Unmasking incivility: the healthcare industry’s hidden culture clash

3 minute read

Within the healthcare sector, tension exists between organisations' stated corporate values and frontline workers' lived experiences.

While healthcare institutions may tout their cultural strategies on their websites, the reality of the day-to-day interactions can be quite different. Unfortunately, incivility in the healthcare industry has become all too common, including behaviours such as answering phones with curt responses or silence, using signs and sarcasm and displaying microaggressions. Our healthcare culture, possibly based on the misapprehension that it fosters quality, frequently succumbs to using condescension, public criticism and blaming to ‘coach’ junior medical members.

These subtle discriminatory behaviours have become some of the learned behaviours that our medical culture has inadvertently cultivated to survive incredible stressors, but which incongruently undermine the very fabric of our teams and the professionalism of our industry. I have seen these behaviours frequently throughout my career, working in many different health services and across international borders. I freely admit there have been times under pressure when my own behaviour has fallen short.

According to Civility Saves Lives, 38% of employees who experience rudeness in the workplace tend to reduce the quality of their work, while 48% reduce their time at work. Moreover, 25% of these employees take their frustration out on patients.

As a result, incivility at work has been associated with increased work distress, job dissatisfaction and withdrawal behaviours. Indeed, the impact of incivility extends beyond individual experiences, affecting patient care, organisational effectiveness and costs.

Even bystanders are not immune; those who observe but do not directly receive incivility show a 20% decrease in performance and a 50% decrease in willingness to help others.

In recent years, healthcare organisations have grappled with rebuilding their organisational culture after the long and arduous years of Covid-19 wreaked havoc on healthcare worker morale and retention. No organisation, particularly in the healthcare field, ever intend to create a toxic environment. Still, despite corporate strategies and values workshops, many find themselves inadvertently in that situation or, worse, unaware of what’s happening on the ground.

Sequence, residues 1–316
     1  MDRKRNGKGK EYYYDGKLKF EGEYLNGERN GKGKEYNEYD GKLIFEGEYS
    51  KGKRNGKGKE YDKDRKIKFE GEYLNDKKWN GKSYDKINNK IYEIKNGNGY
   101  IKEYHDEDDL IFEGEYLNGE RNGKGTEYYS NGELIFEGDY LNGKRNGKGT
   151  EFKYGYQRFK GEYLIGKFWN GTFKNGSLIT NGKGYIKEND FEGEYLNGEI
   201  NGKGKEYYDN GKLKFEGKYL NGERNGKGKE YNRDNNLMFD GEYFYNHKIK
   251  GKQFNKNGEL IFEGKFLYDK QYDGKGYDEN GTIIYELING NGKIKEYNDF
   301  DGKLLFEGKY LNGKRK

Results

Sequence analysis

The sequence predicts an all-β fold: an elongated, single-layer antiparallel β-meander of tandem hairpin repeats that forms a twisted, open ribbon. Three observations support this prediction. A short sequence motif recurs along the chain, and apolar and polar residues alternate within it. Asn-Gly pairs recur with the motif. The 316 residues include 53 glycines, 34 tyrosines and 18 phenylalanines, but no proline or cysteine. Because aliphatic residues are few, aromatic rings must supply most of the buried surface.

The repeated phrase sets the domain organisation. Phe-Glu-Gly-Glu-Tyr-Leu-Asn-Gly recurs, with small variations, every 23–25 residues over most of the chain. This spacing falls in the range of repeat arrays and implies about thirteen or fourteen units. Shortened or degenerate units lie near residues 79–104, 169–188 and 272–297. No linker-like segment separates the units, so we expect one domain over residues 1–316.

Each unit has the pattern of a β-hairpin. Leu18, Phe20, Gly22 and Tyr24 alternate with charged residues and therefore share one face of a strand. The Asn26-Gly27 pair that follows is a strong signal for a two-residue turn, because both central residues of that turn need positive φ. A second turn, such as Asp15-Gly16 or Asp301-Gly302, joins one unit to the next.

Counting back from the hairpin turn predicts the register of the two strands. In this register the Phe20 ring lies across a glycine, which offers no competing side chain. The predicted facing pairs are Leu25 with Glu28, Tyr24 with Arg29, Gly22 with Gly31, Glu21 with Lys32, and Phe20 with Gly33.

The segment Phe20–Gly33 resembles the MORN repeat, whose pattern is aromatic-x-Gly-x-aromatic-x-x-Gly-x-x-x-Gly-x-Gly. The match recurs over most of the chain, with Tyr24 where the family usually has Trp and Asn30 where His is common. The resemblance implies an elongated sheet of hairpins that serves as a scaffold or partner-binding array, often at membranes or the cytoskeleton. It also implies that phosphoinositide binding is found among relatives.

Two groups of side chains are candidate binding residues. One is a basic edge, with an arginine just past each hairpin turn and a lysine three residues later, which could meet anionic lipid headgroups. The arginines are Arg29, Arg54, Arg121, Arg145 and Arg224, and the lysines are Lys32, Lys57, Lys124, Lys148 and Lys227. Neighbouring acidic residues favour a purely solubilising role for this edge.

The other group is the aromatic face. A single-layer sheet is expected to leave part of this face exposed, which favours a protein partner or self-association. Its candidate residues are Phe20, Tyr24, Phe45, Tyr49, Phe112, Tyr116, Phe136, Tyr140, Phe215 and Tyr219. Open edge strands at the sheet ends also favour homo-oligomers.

As those who operate on the frontline, we are familiar with the constant pressures and demands that mark our daily routines. Despite tight budgets and unwavering performance expectations, we must acknowledge that our conduct in the face of such intense stress will define the principles that shape our future interactions, the attitudes of those around us and our collective welfare.

What steps can we take to advance and encourage a culture of empathy and collaboration where discourteous conduct is not tolerated? How can we guarantee that we don't stay silent when confronted with inappropriate behaviour or harassment but instead engage in constructive and courteous debates and differences of opinion? How do we learn to disagree better?

We now know that incivility is rife and it erodes trust, undermines collective efforts and hampers collaboration. These are the very elements that form the essence of a team and the cornerstone of a positive organisational culture. As our pressures continue to mount in the coming decades, we will look to our leaders to take ownership of this challenging and complex issue and proactively take steps to influence their organisations for the better.

As we contemplate our leadership abilities and organisational strengths during the initial months of the MSc in Global Healthcare Leadership, I now appreciate that the culture of our institutions goes beyond the principles stated on our website. Professor Sue Dopson from Saïd Business School aptly noted, ‘It's more than mere lip service. It's about how we present ourselves at work and cultivate motivational qualities. It's about achieving more than the collective abilities of a team.’ I have the potential to do more to initiate change in my workplace, both by leading my team and by actively guiding others in their efforts to improve.

Oxford MSc in Global Healthcare Leadership